Candidate for Israel’s Labor party calls for end to humanitarian crisis in Gaza
Ultra-Orthodox candidate for Israel’s Labor party, Dina Dayan, called for an end to the humanitarian crisis in Gaza in an exclusive interview with i24NEWS on Sunday.
"I can't accept it, as a Jew,” Dayan said on Ami Kaufman’s the Spin Room. “I can't accept it Because you know, these are people, these are children, these are old people, hospitals. This is unacceptable for me, what happens now in Gaza. They should bring electricity 24 hours a day. Of course, of course, this is basic. I don't understand it. For me, it was very hard to hear it."
Gaza's electricity company said on Monday that Israel had begun to reduce the supply of power to the Hamas-ruled coastal enclave.
Spokesman for the company, Muhammad Thabet, said that as a result, power could only be supplied for two or three hours per day. Instead of supplying 120 megawatts, Israel is reportedly now sending only 112 megawatts per day. The move comes after Israel's security cabinet said it would reduce its supply of electricity to Gaza, in response to a request made by the Palestinian Authority.
Dayan, a firebrand feminist who is running for Labor Party leadership against 8 other men, asserted that the religious Zionist movement in Israel has co-opted Judaism and, in her view, does not represent the true intentions of the religion.
"For me, the Bayit Yehudi, the Jewish Home, took Judaism to fascism. Because as I know Judaism, it's totally different. I would say, Mizrah Judaism is very open, open to other people,” Dayan told i24NEWS.
For Dayan, Judaism means coexistence with Arabs and a plurality of voices being heard.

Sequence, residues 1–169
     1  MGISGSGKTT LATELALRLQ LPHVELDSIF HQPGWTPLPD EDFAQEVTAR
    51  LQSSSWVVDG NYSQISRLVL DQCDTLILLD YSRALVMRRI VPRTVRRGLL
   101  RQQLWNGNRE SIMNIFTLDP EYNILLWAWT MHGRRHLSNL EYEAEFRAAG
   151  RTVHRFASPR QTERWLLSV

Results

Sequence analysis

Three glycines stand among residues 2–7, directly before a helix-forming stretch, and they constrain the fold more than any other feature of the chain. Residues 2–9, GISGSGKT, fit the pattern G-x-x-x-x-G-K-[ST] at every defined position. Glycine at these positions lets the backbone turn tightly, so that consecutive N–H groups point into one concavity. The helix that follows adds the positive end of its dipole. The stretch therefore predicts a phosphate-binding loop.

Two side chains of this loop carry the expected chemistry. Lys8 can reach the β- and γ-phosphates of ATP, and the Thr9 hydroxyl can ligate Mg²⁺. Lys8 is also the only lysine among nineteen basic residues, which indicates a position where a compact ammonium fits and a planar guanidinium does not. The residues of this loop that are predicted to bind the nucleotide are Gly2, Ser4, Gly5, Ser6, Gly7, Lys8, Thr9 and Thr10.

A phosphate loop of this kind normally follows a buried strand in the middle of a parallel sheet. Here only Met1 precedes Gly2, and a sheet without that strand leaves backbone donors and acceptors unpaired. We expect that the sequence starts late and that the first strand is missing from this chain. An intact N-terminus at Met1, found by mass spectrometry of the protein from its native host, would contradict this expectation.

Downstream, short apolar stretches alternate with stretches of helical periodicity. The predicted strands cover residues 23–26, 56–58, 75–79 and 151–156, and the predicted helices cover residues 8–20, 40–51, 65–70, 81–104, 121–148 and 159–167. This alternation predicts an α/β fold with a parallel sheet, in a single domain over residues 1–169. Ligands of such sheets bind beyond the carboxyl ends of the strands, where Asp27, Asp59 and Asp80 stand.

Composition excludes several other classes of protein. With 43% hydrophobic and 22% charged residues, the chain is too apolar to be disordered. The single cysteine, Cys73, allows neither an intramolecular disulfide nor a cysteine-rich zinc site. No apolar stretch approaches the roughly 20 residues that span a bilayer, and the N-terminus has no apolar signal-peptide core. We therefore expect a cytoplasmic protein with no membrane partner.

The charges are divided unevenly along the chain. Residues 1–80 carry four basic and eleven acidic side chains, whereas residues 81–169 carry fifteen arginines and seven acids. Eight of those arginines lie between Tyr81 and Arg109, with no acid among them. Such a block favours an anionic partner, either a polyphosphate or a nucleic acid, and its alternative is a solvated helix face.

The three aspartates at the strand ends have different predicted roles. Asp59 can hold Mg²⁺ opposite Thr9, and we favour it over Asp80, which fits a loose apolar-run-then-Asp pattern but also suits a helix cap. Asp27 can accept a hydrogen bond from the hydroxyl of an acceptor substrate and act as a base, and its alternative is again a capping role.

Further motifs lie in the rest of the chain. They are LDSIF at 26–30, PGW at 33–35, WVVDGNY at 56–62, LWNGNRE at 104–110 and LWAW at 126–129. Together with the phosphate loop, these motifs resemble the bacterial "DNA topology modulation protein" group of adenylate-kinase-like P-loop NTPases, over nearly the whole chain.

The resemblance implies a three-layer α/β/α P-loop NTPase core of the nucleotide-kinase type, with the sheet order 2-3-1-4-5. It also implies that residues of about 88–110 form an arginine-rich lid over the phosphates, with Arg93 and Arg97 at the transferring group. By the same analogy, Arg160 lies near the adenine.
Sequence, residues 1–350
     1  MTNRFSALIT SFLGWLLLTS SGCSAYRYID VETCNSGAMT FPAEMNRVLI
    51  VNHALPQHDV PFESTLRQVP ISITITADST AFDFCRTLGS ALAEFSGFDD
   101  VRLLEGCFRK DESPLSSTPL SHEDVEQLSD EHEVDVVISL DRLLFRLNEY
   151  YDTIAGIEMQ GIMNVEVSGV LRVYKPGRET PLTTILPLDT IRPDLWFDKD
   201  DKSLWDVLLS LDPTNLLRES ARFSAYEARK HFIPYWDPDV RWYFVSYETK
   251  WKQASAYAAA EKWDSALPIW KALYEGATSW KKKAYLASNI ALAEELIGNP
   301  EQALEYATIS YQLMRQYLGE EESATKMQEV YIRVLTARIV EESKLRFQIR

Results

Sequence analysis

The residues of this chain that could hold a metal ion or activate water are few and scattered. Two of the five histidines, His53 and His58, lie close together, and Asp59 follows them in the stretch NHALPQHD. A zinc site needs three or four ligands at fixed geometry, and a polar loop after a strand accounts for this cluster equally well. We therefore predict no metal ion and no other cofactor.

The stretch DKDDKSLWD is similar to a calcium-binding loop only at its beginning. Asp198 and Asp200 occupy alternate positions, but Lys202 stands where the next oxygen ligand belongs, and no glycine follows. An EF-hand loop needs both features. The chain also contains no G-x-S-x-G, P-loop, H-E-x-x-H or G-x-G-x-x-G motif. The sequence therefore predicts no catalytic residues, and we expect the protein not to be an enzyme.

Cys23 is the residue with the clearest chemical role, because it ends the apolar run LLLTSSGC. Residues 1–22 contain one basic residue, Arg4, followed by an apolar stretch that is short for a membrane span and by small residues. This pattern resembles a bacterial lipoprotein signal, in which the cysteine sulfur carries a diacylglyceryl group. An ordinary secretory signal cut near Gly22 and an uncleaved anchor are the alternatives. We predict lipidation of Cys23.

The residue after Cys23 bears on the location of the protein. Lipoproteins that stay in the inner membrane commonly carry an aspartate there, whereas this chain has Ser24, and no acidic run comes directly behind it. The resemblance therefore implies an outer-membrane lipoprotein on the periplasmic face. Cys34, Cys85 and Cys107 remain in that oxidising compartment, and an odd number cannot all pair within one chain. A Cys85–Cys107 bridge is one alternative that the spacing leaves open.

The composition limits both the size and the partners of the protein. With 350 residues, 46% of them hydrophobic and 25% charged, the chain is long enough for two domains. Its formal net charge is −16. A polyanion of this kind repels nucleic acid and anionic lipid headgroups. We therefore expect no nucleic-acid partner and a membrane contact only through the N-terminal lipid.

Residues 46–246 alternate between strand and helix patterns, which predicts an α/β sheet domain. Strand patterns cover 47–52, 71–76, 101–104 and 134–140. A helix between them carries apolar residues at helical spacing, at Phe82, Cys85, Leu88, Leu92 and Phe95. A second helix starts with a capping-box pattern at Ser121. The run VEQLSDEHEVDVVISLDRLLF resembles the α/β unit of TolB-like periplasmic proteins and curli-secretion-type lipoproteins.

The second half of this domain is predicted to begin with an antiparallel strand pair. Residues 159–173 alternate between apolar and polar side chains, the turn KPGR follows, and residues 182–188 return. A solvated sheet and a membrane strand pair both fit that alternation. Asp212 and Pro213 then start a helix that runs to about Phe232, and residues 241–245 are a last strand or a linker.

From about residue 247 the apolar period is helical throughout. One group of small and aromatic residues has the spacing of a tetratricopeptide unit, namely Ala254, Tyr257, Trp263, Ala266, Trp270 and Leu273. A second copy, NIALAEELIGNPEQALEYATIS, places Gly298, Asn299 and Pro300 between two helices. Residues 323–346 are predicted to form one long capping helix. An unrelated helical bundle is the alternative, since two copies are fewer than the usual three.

“My grandmother and her mother before her, we always lived with Arabs, “Dayan said. “So, for me, the hatred and the nationalism and the ultra-nationalism is not Judaism... I feel sometimes when I hear some of the extremists in this party, yes, the messages are not Jewish messages."
Dayan criticized the religious right in Israel, but affirmed that religious voices and members of the ultra-Orthodox community need to be represented as well.
"I think in Israel, it's very political. Religious is very political. I think this is one of the main problems in this country today. Because for me, as an ultra-Orthodox [Jew], to get inside the house of my neighbor and tell him how to live his life, for me it's a problem. And I think we should open the status quo to discussion because if you speak to people in the Haredi world and not the rabbis and politicians, you hear other voices. And these voices should be heard,” Dayan said.
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Dina Dayan is a precious new voice in Israeli politics. She is not considered a real contender for Labor Party leadership, but, I sincerely hope that she will continue to be heard beyond the current leadership race.